National Carnival Commission (NCC) Winston “Gypsy” Peters made a quick run for the exit yesterday when confronted by irate regional Carnival representatives, upset by the significantly less subvention received for their celebrations of the greatest show on earth.
Just about $1 million – the first tranche of about $2 to $3 million allocated regional Carnival – was disbursed yesterday to over 50 regional carnival bodies at a ceremony at the NCC’s VIP lounge at the Grand Stand in the Queen’s Park Savannah, Port of Spain.
No one was pleased with the allotments, some slashed by almost 50 per cent from the year before. Faces that entered the lounge beaming with expectant smiles at the start of the ceremony were transformed into glum, resigned frustration when people opened their envelopes and looked at their cheques.
And they let Peters know, heading straight for him at the head table as soon as the event was over. Overwhelmed, Peters called out to an assistant to help him escape the room.
Newsday caught up with him as he exited, and he agreed to speak briefly, but at a safe distance from the crowd, in the parking lot. Asked about the formula to determine the allotment, Peters, a former minister of culture, was unsure. “Probably the size of the place and historical antecedence,” he said.
He said if people wanted access to more funds, if they had a justified cause – and maybe if there was still money in the NCC’s coffers – they might be able to access some more.
He also clarified that he didn’t try to escape because people were complaining, but rather, he tried to escape from an environment in which he felt bombarded by too many things. “I have a lot of things to do. I had to get out of there,” he said.
He said the NCC is yet to receive all its funding for the year – approximately $135 million – and even that’s just the budget, not what it might actually get. Last year, for example, the state body got $44 million less than promised. “People will always complain. I can’t stop people from complaining,” he said.
The sums this year were “clearly an insult to regional carnival,” Abrahim Ali of the San Juan/Barataria Carnival Committee told Newsday.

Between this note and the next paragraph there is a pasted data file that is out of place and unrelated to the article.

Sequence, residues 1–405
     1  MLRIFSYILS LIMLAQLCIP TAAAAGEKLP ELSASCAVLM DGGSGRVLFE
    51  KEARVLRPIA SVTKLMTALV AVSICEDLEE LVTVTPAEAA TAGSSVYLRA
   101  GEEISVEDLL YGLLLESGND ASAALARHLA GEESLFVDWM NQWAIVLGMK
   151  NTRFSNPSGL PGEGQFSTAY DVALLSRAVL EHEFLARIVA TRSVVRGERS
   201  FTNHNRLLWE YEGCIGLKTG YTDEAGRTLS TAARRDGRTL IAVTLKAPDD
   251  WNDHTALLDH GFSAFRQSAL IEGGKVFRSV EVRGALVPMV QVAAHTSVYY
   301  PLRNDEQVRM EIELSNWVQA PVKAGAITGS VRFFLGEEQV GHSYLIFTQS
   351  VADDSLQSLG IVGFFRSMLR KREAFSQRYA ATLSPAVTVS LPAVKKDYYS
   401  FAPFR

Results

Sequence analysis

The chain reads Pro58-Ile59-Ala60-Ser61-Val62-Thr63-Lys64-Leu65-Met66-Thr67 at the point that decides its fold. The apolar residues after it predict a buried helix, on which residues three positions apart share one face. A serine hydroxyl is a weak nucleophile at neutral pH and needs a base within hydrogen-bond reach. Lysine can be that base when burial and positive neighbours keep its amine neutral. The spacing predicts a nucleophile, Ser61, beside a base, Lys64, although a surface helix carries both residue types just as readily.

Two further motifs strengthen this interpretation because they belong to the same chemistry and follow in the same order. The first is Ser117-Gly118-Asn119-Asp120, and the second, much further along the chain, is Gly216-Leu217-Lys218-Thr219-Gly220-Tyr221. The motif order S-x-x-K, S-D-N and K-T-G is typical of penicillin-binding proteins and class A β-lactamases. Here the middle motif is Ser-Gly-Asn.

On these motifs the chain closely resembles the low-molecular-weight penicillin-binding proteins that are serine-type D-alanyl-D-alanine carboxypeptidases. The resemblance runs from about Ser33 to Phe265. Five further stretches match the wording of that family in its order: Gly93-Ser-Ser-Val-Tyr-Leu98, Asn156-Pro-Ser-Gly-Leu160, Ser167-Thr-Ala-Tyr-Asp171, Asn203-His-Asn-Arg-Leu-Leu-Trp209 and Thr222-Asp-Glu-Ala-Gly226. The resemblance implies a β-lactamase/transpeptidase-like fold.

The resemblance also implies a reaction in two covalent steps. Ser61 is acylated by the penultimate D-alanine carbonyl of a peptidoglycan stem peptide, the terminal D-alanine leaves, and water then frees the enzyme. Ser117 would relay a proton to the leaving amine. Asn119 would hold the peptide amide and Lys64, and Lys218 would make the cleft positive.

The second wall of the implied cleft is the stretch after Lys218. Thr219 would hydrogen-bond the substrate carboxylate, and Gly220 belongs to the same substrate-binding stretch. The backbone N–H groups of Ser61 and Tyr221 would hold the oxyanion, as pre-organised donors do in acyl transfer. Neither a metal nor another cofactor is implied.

“We got $15,000 this year. Last year we got $25,000. We have one show tonight and that alone might cost $20,000 to put on. Apart from that, we have eight other events carded. What can we do with $15,000 when one DJ costs $5,000 a night,” Ali said. The group had requested $148,000 from the NCC.
Getting help from businesses and the private sector hasn’t been successful because of the economy, or at least, that was the excuse he was told, he added.
“We are really in a predicament now, with low funding and poor reception from the business community,” he said.
Edwin Noel from the La Brea Carnival Committee said the group would just “have to make do.” The group had requested about $200,000, but got $38,000, a far cry from last year’s $75,000.
“I won’t say it’s not sufficient, but we have to make it do. We will have to do more with less. We have junior and senior calypso competitions and a parade of the band, but that’s about it because we can’t do anything more,” he said.
Gideon Walters from the New Maracas Valley Carnival Committee said he’d probably have to cut some events from his itinerary because his group “can’t do anything much” with the $25,000 they received. The group had requested $90,000 this year, and last year, received $40,000.
Both Peters and the representative from the NCC’s line ministry, Deputy Permanent Secretary in the Ministry of Community Development and Culture Susan Shurland, noted the need for better accounting and management from the regional carnival bodies to ensure money was used for what it was supposed to be used for, especially in this time of economic tightness.
Chief executive of the NCC, Colin Lucas, concurred. Speaking to Newsday after the ceremony, Lucas said inadequate accounting could have affected allotments, regardless of budget constraints.
He also clarified that the amounts distributed were just half of the total. The allocations are not fixes, he said, because it’s a very dynamic environment, so a committee would have gotten a sum last year but their accounting for it may have been incomplete.